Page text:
0401 GMT April 22, 2019
The Marlboro maker said the move was ‘an important next step’ in its aim to ‘ultimately stop selling cigarettes’, BBC reported.
But Cancer Research UK said the firm was just trying to promote its smoking alternatives, such as heated tobacco.
"This is a staggering hypocrisy," it said, pointing out the firm still promotes smoking outside the UK.
"The best way Philip Morris could help people to stop smoking is to stop making cigarettes," George Butterworth, the Cancer Research UK's tobacco policy manager said.
The charity said smoking was the leading preventable cause of cancer and it encouraged people to switch away completely from smoking, including through the use of e-cigarettes.
Health charity Action on Smoking and Health (Ash) also criticized the campaign — which is called ‘Hold My Light’ and has been launched in a four-page wraparound on Monday's Daily Mirror — saying it was a way for Philip Morris to get around the UK's anti-tobacco advertising rules.
There is also a campaign video, which shows a young woman negotiating a Mission Impossible-style room in order to hand her cigarette lighter over to a group of friends, who are supporting her in a bid to give up smoking.
Most forms of tobacco advertising and promotion in the UK are banned, and rules introduced last year mean cigarettes and tobacco must be sold in plain green packets.
Deborah Arnott, the chief executive of Ash, said Philip Morris was still advertising its Marlboro brand wherever globally it was legal to do so.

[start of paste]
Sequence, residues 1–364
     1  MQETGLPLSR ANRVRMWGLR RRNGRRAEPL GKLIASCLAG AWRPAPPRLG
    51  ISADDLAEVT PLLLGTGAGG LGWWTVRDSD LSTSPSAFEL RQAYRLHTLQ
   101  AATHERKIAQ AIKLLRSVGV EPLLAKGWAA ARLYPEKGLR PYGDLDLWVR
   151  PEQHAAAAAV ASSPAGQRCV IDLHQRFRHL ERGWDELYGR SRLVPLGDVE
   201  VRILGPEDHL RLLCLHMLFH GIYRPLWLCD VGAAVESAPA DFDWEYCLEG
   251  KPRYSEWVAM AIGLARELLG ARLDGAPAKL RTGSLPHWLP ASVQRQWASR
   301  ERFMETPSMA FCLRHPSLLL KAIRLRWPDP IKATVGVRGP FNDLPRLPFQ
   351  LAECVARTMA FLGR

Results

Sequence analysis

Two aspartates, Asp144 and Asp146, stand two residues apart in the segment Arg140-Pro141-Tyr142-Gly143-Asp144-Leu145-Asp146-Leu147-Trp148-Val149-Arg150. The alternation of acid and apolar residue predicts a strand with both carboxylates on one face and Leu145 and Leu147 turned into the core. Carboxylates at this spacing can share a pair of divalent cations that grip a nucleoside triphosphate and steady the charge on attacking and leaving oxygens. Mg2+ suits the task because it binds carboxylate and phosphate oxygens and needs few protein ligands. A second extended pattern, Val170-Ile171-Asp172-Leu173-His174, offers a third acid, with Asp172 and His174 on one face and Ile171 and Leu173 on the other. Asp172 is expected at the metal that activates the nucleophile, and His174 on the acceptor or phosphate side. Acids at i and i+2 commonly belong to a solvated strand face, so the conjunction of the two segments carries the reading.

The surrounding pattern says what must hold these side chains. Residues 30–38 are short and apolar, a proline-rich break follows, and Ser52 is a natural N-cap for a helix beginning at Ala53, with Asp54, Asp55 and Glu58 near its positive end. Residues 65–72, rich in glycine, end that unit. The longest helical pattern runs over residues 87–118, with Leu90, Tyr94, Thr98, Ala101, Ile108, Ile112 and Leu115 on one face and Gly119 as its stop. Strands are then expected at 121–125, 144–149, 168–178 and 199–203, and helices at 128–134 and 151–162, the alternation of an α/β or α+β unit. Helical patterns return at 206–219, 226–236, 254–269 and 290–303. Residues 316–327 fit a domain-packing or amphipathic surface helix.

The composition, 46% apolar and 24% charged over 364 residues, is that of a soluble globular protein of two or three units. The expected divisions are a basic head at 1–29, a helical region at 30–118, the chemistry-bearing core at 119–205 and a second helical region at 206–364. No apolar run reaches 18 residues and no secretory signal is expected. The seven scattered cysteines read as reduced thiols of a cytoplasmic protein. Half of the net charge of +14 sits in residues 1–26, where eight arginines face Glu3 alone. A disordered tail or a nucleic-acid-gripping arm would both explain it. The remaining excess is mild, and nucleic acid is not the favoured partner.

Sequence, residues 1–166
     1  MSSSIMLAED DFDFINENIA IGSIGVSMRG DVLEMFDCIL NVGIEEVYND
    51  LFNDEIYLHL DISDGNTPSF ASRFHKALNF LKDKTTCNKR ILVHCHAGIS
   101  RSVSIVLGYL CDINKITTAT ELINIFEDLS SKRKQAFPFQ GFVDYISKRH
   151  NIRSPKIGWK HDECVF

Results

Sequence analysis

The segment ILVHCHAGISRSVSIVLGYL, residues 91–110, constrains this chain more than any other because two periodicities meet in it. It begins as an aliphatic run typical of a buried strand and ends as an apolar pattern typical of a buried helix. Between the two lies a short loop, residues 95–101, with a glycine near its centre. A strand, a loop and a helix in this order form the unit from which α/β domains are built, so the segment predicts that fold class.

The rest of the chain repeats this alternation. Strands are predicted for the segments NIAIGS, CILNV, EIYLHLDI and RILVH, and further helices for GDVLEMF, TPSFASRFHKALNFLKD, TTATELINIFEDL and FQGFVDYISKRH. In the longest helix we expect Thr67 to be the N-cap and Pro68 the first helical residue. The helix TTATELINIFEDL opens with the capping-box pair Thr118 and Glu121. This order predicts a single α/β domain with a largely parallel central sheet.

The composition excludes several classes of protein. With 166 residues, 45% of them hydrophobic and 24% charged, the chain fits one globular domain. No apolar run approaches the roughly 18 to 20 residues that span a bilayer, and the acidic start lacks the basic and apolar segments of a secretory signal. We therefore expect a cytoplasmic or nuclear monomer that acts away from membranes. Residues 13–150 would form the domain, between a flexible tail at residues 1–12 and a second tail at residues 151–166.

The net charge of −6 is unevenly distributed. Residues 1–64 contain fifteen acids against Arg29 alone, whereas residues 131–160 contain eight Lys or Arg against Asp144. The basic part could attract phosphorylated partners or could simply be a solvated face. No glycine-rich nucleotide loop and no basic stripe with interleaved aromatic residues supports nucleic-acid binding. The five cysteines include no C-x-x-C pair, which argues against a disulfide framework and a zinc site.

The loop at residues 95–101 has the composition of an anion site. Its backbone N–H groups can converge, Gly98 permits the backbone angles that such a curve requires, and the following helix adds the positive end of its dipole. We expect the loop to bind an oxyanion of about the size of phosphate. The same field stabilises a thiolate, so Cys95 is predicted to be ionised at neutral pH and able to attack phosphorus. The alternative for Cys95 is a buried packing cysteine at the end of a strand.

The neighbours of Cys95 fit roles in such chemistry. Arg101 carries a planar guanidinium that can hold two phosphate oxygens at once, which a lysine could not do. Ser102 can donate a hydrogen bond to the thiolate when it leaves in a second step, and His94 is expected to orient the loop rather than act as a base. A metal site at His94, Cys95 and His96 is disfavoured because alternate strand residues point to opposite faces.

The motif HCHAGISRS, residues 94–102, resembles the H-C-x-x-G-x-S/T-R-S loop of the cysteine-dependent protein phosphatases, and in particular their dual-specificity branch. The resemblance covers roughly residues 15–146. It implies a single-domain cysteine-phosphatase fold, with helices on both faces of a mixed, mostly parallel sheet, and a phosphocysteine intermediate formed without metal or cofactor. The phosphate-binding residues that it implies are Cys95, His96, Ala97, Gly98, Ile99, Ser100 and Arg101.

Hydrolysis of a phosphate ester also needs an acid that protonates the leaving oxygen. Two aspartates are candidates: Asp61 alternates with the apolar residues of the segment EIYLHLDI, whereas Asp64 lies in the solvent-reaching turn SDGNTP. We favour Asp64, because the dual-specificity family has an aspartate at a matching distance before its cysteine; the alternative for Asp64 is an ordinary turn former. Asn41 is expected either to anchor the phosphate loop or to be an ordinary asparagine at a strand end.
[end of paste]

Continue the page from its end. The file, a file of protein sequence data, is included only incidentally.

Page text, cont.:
"The fact of the matter is that it can no longer do that in the UK, we're a dark market where all advertising, promotion and sponsorship is banned, and cigarettes are in plain packs.
"So instead Philip Morris is promoting the company name which is inextricably linked with Marlboro," she said.
Philip Morris has said previously that it wants to achieve a ‘smoke-free’ future.
Like many tobacco firms, Philip Morris is moving towards a focus on new products to replace cigarettes as the number of smokers in the UK continues to decline.
In the UK, it markets several alternatives to cigarettes, including a heated tobacco product, Iqos.
It also owns the Nicocig, Vivid and Mesh e-cigarette brands.
'It takes time'
The firm's managing director Peter Nixon said its new advertising campaign was "about supporting smokers in finding alternatives".
Asked why, if Philip Morris was so keen for smokers to quit, it did not simply stop making cigarettes and focus entirely on alternative products, he said it was because smokers would just switch to a rival product.
"Cigarettes still generate 87 percent of our business. We want to get to [smoke-free] as soon as possible, and we want to be selling alternatives, but it does take time," he said.
Nixon said the firm had invested over £4 billion in developing alternative products to cigarettes.
The campaign suggests four ways to give up cigarettes, including going cold turkey, using nicotine patches, vaping and using heated tobacco products.
In an unusual move, the Daily Mirror made a reference in its editorial column to the advertising feature which envelops the paper. It said it was "pleased to back the campaign".
It added, "Yes, we were surprised too that this is a campaign created by Philip Morris Ltd. But it can only be a good thing that they are now trying to encourage people to quit cigarettes."
In July last year, the government set out a plan to make England, in effect, smoke-free in the next few decades.
The new Tobacco Control Plan aimed to cut smoking rates from 15.5 percent to 12 percent of the population by 2022.